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Our Latest Thoughts on the Dollar

 

The dollar remains under pressure, due in large part to the Fed’s aggressive efforts to inject stimulus. We see dollar weakness persisting near-term. From a longer-term perspective, we note that the greenback remains largely rangebound and is unlikely to fall below its 2018 lows.

Dollar Index, 2015-2020

Dollar Index, 2015-2020

- Click to enlarge

RECENT DEVELOPMENTS

There is a growing debate as to the root causes of recent dollar weakness. Is it the burgeoning national debt? The poor US economic outlook? Political risk from widespread social unrest here in the US? Improved risk appetite and less of safe-haven dollar bid? All of these (and perhaps more) have likely contributed to the dollar’s swoon. Being old-fashioned as we are, however, we believe that relative monetary policy stances are still the major driver of currency movements.

One glance at the balance sheets of the Fed, ECB, and the BOJ tells us all we need to know about the relative magnitude of their actions. The Fed’s balance sheet has grown 70% since the end of February vs. 18% for the ECB and 8% for the BOJ. Simply put, the Fed has been much more aggressive with its QE than any of its counterparts. We believe that has been the main weight on the greenback this year.

As we saw during the financial crisis, the Fed was similarly aggressive, and the dollar came under pressure in the initial stages of QE. Once other central banks played catchup, the dollar recovered. This dynamic may play out again this time. The ECB has expanded its QE already and is likely to do so again this fall. Similarly, the BOE is likely to expand its QE at its next policy meeting June 18 and will likely increase it again in the fall as well.

Balance Sheets, USD Trln, 2007-2020

Balance Sheets, USD Trln, 2007-2020

- Click to enlarge

DOLLAR OUTLOOK

The Fed announced open-ended asset purchases on Monday March 23. It’s not a coincidence that the dollar peaked the previous Friday, with DXY putting in a cyclical top near 103. Since then, DXY has fallen around 6.5%. The euro bottomed on March 23 near $1.10635 and has since climbed nearly 7%.

Sterling has done even better, climbing nearly 12% from its March 20 low near $1.1410.

Yet it’s worth noting that despite the recent weakness, the dollar remains largely in trading ranges that have held since early 2017. For DXY, that means a range of 88.253-102.99. This translates into ranges of $1.0635-$1.2555 for the euro, $1.1410-$1.3010 for sterling, and around 105-114 for the yen (netting out the March flash crash to near 101). Believe it or not, current levels are petty much right in center of these ranges.

Where do we go from here? Well, the momentum is clearly against the dollar right now and so we expect markets to test the bottom half of these ranges. That would also fit in with our fundamental view that the dollar tends to underperform in the early stages of QE before recovering in the medium-term. We will resist the urge to make any bold calls for a dollar bear market. Rather, the dollar remains rangebound until those 2018 lows are broken. If the dollar does remain under pressure against the majors as we expect, EM currencies should also benefit.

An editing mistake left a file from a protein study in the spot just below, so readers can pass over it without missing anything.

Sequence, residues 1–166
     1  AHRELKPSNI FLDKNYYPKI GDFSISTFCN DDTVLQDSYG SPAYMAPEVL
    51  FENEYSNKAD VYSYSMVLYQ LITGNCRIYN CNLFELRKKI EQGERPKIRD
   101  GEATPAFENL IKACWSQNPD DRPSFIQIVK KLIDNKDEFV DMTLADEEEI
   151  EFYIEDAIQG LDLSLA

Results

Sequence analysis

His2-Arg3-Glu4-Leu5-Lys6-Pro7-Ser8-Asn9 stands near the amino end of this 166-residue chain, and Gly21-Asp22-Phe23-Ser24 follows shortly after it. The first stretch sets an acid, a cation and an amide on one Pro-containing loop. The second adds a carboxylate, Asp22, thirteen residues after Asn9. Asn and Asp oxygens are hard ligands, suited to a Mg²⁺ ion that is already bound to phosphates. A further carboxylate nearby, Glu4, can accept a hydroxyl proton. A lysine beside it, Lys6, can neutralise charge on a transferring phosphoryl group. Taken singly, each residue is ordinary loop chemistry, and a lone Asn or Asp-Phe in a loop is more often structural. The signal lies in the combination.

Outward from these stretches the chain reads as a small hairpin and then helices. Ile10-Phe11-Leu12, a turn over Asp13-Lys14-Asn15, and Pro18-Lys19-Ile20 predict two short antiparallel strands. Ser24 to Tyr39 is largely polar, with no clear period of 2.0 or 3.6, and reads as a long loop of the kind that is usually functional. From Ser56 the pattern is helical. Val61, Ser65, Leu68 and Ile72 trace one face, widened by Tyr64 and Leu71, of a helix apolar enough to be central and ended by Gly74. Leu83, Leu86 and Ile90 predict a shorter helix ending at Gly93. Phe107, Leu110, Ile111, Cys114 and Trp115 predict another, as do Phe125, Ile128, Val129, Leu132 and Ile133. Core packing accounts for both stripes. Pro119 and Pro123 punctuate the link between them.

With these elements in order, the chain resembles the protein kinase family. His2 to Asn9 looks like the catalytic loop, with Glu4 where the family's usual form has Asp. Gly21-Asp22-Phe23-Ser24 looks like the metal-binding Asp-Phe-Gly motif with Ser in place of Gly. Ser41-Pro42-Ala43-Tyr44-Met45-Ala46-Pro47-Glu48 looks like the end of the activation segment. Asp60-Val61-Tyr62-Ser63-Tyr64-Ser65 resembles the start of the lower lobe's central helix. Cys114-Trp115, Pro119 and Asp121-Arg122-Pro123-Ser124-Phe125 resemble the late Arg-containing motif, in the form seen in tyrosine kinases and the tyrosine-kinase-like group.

Euro and Pound vs. Dollar, 2017-2020

Euro and Pound vs. Dollar, 2017-2020

- Click to enlarge

A BRIEF HISTORY LESSON

We note the dollar typically does poorly at the onset of each round of QE before recovering. Looking back to the financial crisis, the Fed first started Quantitative Easing (QE) in November 2008 when it announced plans to purchase $600 bln of agency mortgage-backed securities (MBS). DXY fell around 12% over the next month but then recovered to trade even higher by March 2009. QE1 was extended in March 2009 with another round of agency MBS purchases worth $750 bln as well as $300 bln worth of longer-dated US Treasuries. DXY fell around 17% over the next eight months but then recovered nearly all its losses by June 2010.

In October 2017, the Fed started to shrink its balance sheet by letting maturing debt run off.

Previously, the Fed had reinvested maturing debt back into new paper. The balance sheet shrunk at an average of $32 bln per month until August 2019 bringing the overall size down from $4.46 trln to $3.76 trln. At that point, growing turmoil in the repo markets signaled that the balance shrinkage had gone too far. In September 2019, the Fed began asset purchases again but took pains to emphasize that this was not QE. We believe that at that time, the relative growth rates of the Fed’s balance sheet became a factor behind dollar weakness. That has continued with the Fed’s aggressive moves this year that has nearly doubled the balance sheet to $7.1 trln at the end of May (and counting).

DXY and Selected Fed Moves, 2008-2020

DXY and Selected Fed Moves, 2008-2020

- Click to enlarge

 

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About Win Thin
Win Thin
Win Thin is a senior currency strategist with over fifteen years of investment experience. He has a broad international background with a special interest in developing markets. Prior to joining BBH in June 2007, he founded Mandalay Advisors, an independent research firm that provided sovereign emerging market analysis to institutional investors. He received an MA from Georgetown University in 1985 and a B.A. from Brandeis University 1983. Feel free to contact the Zurich office of BBH
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